At night we were given a list of rooms to check on that was different than the list of kids I was "in charge of." The rule was that they were to be in their rooms for the night at 10:30, and the chaperons job was to count them. There were security guards with roaming the halls with clipboards at this time. I checked on my assigned rooms, and all looked fine, and then went to the boy's hallway to say goodnight to my son. Clark answered the door and Timmy peeked out and waved at me and then disappeared. Gail's son (who has the girlfriend) was also in that room so I jokingly asked if it was only the four boys in there. As they grumbled an affirmative answer the guard appeared over my shoulder and told me that I should check under the beds. What? "They do that all the time" he told me. I just shouted "go to sleep!" and left.

Mackinac Island is a beautiful place but I suspect that traveling with a middle school tour group in the off season isn't the best way to enjoy it. I looked wistfully upon charming porch chairs and beachfront walkways and thinking how nice they would be to enjoy...IF I were there in different circumstances. I also believe that the students didn't appreciate it. We were scheduled for a horse-drawn tour of the island. After I saw Timmy departing on a carriage full of boys (could he be avoiding me?) I slipped into the back row of a carriage with the girls from the choir. I don't think that they realized there was an adult present as they proceeded to torment the poor woman who was charged with steering the horses and narrating points of interest to her passengers through a microphone. "I'm cold!" those dressed inappropriately for the 50 degree rainy weather interrupted her to complain. "My room had bugs in it! Breakfast was terrible! I can't live without a car! This place smells bad! Everything is old and boring!" I cringed and felt bad for their parents and embarrassed on behalf of our group, their school, our town and my gender. I noticed that it was only me and the choir teacher who chose to tour the historic fort while everyone else rushed to stand around in the gift shop and buy candy. They turned up their noses at the "too fancy" food in the Grand Hotel Buffet and Clark put in his ipod headphones during the Three Men and a Tenor concert.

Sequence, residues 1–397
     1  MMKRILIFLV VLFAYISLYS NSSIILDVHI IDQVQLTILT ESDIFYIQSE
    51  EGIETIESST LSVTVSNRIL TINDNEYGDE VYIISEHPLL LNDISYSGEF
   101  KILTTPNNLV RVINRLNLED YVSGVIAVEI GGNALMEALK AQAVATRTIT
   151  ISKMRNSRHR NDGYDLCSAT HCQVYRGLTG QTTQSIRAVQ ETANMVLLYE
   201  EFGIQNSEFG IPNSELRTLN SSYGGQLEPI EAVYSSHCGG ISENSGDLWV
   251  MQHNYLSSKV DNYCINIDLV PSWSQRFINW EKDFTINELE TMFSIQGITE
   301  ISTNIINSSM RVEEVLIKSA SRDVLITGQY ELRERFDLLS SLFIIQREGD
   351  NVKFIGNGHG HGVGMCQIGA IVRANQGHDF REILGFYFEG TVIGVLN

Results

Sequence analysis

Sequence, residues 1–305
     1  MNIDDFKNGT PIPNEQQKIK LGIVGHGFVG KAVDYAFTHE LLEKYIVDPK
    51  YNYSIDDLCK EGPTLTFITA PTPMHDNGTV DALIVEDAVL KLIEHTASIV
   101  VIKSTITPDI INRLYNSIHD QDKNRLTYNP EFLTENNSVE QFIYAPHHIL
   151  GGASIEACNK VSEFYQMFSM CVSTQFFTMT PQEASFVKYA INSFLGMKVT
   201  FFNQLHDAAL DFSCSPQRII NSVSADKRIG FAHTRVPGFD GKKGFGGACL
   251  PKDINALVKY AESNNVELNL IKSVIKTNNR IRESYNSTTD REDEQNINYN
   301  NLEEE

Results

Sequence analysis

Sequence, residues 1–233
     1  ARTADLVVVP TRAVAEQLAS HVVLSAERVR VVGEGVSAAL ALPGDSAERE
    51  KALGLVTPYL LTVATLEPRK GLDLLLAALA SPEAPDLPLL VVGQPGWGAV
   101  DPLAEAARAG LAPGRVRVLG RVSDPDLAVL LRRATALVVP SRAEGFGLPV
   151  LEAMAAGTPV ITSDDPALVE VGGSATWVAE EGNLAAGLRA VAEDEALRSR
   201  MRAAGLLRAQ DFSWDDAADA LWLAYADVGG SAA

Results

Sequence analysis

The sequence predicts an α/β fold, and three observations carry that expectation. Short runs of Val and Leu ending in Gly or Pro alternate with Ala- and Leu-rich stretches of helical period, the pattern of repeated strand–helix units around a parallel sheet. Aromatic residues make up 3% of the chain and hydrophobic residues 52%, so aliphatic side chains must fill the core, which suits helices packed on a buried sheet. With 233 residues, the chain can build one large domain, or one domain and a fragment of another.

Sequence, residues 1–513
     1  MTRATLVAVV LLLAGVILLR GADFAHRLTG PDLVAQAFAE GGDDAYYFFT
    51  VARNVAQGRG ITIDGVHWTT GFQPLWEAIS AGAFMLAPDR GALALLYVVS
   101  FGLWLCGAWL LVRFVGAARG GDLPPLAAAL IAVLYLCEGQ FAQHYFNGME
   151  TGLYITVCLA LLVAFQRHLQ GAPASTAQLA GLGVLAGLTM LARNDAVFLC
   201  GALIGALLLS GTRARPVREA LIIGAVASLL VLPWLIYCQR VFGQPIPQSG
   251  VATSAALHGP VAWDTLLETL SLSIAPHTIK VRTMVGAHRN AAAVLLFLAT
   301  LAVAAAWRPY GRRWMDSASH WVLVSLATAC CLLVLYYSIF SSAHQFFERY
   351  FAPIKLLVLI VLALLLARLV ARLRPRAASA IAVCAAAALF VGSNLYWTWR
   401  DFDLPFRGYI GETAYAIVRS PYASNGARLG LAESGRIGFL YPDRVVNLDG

It made think what the point of all this was. There was a part where they went to a soundstage to play some songs on their instruments and get instructions from a man from CMU, but it came to mind that he could have much more easily made the trip to their school and accomplished the same thing and reached more of the students. I do see the benefit for the economy of the island and the tourism industry in the off season to host all of these students in bulk, and I can see why the teachers would enjoy getting away from the classroom and enjoying their complimentary deluxe accommodations. However, knowing what I do now, I don't think I would do this again, or send my child alone. Can't trust those chaperons.